Easterling took seriously the Economic Opportunity Act (1964), the signature legislation of the War on Poverty, when it called for “maximum feasible participation” of the poor in antipoverty programs. She soon joined forces with the Appalachian Volunteers, a federally funded service program led by young, white, college-educated men and women. The majority were not from Appalachian communities, but there were exceptions: Easterling’s daughter Sue Ella was among the first to join the organization, and she introduced her mother to federal antipoverty workers. Easterling soon became a paid organizer.
Starting in 1966, Easterling worked with antipoverty activist Joe Mulloy, a young Kentucky native inspired to join the Appalachian Volunteers because he wanted to be a part of progressive change in the South. Together they began organizing poor and working-class people in the Marrowbone community in Pike County, Kentucky. They opened a community center and library, where they ran workshops on a range of topics, from welfare rights to Appalachian labor history. They also joined the burgeoning movement against strip mining and helped expand it, exposing the costs of extractive capitalism on working-class communities. Easterling soon became part of a network of progressive activists in the South, and she and her husband opened their home to civil rights activists who traveled to the region, hoping to build alliances between black and white workers.
Easterling’s activism eventually earned her a spot on the board of the Highlander Research and Education Center in Tennessee, a nationally known training school for progressive activists. It also put her, along with Mulloy and others, in the crosshairs of local officials who claimed outsider activists were plotting a takeover of eastern Kentucky.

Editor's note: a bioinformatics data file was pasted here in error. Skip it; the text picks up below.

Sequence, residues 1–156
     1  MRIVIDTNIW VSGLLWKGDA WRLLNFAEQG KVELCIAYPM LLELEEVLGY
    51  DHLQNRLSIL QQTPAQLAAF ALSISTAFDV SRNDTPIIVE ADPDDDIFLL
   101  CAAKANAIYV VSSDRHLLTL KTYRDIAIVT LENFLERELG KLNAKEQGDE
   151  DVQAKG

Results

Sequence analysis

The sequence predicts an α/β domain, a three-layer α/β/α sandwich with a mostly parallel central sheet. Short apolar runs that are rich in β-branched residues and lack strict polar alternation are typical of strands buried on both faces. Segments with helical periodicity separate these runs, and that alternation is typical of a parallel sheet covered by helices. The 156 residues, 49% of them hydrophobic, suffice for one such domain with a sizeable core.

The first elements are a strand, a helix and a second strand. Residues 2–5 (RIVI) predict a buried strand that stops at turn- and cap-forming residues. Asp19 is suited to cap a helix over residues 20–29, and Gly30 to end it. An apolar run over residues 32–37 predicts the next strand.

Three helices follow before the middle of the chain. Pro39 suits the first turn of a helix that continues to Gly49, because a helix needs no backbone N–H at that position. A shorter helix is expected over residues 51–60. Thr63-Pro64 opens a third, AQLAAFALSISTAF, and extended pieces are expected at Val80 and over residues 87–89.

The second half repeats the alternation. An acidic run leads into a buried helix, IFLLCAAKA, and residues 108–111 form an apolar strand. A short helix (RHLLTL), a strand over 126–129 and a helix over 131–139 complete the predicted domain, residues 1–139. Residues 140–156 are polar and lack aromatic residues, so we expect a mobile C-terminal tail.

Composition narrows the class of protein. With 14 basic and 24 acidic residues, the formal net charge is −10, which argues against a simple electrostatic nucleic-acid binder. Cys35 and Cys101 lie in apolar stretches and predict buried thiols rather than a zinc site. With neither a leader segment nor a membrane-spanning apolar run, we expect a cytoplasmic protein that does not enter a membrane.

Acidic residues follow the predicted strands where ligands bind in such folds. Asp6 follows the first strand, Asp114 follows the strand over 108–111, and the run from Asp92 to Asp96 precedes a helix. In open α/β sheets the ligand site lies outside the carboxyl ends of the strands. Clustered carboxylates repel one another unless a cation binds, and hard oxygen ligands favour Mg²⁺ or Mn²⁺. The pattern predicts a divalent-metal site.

The backlash extended into 1968, when the Kentucky state legislature created the Kentucky Un-American Activities Committee (KUAC). Initially formed to stymie civil rights and Black Power activism in Louisville, the committee soon targeted majority-white antipoverty organizations as well. KUAC called Easterling to testify and questioned her about her relationships with civil rights activists and so-called “subversives.” Easterling defended her allies and refuted the claims of local elites, who, she argued, cared more about lining their pockets than expanding democracy.
The following year, Easterling sent a friend her appraisal of the state of activism in Appalachia: “Interest has aroused, stones unturned, dander up, fever risen, and people speaking out on what they [believe].” She thought the movement would weather the backlash, and it did for a time. Well into the 1970s, Appalachian activists—many of them women—continued organizing. Their focus became redistributive policies, including a guaranteed income, access to health care, and welfare as a right of citizenship.